Would I advocate the mindless insertion of male beefcake images into the art world's press? Not really, unless it was the only way to counter the mindless cheesecake imagery already out there. I would, however, advocate more, or more visible, male (and female) imagery that goes beyond shallow surface depictions. One early reader of this essay asked what would happen if the taboo against depictions of male nudity suddenly vanished. Certainly their power due to rarity -- which does include some shock value-- would fall away. But perhaps their relevance to our own lives would increase. Many images would simply reflect our daily lives, for sure, while offering us a different take on people. But it's when images venture beyond the everyday, towards something perhaps metaphoric or spiritual or even mythic,  that a real attitudinal adjustment can take place: we start to wonder how some Joe we know can also be mythic at the same time.  We may sense the attempt by Thomas Eakins to construct something heroic via the everyday, in his paintings and photos of swimmers at a swimming hole, but at the same time we are very aware, through records, that they include self-portraits while other figures are Eakins's students.  And again with Fischl's Ashe: how can he be mythic when we know where he lives and what his favorite foods are and where he vacations? How do we go beyond these particulars in trying to think these guys are timeless if they cut our lawns and work at the tire store? I might imagine local townspeople, in regarding Stanley Spencer's very hot young dude as centerpiece in The Resurrection, Cookham, thinking "How can we possibly have a Resurrection here in Cookham?, or THIS resurrection?" And yet my point is that such thoughts are precisely the ones that we might all be well to engage -- that we don't have to pretend to require epic situations anymore before we can consider and enjoy such images, that people in these depictions are still everyday people with everyday lives before the artist comes along, and that we can wonder what it would be like to step into a role such as "everyday hero" or "everyday saint." Bottom line is, we wind up realizing that, in large part, we - everyday us- constitute these gods. In effect, Saints R Us.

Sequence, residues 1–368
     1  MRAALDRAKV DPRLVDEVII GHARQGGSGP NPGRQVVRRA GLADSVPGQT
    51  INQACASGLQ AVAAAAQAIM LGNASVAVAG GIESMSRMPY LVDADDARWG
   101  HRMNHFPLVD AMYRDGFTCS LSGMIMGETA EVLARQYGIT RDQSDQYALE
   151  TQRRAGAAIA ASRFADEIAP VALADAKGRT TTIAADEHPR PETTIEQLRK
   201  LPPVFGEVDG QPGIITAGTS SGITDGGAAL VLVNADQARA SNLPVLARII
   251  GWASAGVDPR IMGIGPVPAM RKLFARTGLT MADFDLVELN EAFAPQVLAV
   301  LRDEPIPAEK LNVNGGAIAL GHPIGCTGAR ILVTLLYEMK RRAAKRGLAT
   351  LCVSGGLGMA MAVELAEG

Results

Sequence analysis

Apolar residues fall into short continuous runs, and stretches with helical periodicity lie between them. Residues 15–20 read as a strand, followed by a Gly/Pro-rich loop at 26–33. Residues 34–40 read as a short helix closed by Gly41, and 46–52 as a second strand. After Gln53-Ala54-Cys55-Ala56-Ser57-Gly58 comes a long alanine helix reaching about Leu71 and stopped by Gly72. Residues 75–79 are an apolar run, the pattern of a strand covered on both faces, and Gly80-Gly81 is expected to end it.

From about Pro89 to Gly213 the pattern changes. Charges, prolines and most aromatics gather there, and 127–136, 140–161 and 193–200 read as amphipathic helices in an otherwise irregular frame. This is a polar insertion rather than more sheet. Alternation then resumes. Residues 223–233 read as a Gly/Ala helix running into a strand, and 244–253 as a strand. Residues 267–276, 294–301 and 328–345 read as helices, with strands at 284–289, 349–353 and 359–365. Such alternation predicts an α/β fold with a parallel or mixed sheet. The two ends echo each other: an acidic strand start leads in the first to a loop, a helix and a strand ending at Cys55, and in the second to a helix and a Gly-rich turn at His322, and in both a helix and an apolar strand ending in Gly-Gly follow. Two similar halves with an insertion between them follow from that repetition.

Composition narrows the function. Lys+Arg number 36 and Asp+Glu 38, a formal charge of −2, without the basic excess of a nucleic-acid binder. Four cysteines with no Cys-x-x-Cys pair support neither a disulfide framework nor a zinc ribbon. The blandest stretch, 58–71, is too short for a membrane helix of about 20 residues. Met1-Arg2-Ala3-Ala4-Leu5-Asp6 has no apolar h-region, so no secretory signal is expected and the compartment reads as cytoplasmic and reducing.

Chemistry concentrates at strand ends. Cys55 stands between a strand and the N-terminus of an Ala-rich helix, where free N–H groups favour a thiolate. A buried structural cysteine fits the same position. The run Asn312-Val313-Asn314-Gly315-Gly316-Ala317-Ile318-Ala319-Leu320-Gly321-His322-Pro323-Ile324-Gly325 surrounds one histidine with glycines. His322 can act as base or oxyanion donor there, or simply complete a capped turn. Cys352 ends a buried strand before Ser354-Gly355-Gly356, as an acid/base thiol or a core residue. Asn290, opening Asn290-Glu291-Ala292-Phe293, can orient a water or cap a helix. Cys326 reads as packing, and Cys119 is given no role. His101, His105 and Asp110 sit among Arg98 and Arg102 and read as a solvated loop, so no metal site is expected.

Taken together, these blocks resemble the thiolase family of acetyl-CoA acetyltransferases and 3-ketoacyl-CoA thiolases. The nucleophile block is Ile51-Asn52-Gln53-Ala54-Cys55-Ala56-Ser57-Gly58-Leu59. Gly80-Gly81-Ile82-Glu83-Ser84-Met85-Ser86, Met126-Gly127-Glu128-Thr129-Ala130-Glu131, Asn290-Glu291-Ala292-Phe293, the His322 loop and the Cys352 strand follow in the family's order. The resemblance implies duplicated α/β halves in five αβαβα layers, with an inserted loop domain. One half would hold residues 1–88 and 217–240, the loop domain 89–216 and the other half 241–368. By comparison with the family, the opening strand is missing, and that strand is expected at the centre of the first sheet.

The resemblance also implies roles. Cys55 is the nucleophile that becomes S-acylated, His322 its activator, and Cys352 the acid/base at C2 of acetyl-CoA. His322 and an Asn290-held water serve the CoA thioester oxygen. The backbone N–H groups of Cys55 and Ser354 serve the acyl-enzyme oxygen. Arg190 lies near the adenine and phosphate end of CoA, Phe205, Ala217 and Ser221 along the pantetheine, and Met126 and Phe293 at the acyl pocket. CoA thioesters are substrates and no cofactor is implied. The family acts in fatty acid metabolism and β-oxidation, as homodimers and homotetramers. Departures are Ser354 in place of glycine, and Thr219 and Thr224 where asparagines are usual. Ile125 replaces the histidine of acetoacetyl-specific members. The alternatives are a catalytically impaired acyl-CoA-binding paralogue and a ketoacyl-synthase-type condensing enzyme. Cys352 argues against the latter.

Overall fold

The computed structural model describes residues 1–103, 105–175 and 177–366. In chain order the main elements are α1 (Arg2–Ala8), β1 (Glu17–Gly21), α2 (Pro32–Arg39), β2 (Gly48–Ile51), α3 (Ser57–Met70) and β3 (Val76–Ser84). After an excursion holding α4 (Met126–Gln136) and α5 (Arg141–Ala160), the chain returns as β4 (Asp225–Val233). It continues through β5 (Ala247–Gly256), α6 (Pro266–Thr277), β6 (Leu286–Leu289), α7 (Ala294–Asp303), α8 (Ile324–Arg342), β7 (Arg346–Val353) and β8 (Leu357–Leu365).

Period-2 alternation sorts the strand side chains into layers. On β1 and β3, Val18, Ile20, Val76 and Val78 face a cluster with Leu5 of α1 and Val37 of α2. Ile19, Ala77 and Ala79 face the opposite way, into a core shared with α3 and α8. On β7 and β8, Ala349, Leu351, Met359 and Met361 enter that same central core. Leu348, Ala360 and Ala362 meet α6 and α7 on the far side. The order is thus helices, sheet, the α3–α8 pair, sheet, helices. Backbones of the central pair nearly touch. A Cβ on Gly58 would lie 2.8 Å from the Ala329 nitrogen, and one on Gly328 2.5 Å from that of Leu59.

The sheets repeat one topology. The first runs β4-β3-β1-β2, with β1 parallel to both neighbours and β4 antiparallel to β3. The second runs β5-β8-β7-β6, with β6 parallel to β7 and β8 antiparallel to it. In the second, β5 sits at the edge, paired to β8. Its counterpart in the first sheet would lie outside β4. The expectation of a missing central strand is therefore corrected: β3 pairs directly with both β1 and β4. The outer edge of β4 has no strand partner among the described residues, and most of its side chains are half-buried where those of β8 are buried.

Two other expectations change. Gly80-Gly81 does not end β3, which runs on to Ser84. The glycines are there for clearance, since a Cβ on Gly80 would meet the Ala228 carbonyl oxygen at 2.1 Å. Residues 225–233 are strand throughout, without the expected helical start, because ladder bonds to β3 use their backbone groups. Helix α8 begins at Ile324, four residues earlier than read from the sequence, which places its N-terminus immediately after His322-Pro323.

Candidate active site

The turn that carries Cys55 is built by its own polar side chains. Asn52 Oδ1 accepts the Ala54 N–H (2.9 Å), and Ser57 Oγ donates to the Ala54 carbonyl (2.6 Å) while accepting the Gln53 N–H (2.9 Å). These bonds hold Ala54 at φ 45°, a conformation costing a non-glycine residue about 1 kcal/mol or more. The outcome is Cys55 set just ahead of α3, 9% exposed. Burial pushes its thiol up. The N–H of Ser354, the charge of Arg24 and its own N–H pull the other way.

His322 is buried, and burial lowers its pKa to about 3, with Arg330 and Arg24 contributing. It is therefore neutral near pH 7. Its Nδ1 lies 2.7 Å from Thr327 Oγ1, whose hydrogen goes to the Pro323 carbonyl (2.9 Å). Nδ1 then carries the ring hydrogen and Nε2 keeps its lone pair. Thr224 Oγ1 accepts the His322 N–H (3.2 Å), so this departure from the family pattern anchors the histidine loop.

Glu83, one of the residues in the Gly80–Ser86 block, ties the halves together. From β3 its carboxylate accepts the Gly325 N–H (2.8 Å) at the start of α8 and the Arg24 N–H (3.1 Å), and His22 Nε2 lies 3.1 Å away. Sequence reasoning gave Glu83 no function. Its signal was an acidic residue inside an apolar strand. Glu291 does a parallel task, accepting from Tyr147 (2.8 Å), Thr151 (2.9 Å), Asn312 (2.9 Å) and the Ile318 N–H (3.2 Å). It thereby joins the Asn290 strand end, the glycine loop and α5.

In saying all of this, however, I don't mean to suggest that we only picture ourselves as heroes and saints or wannabes; far from it. What is important, is to have the full range of imagery, the full menu, with all of its day-to-day frequency and visibility. If we only accept images of women to the extent we already have, we all wind up shortchanging how we picture ourselves, just as our continued use of the word "homoerotic" helps delimit our universe, sets boundaries around how we may think about ourselves, and excludes from us some ways we might want to think about ourselves -- not only for gay men, but for all men -- for everyone. Currently an image of a woman is still privileged, still exalted, still held up as somehow representative of the whole, and still controlled by a straight and male power. The message to men, implicitly and deep-down-going, is that we are not worthy of depiction, maybe that we are not capable of achieving something worth depiction, men should not think themselves to be worthy of contemplation, worthy of the idea of beauty.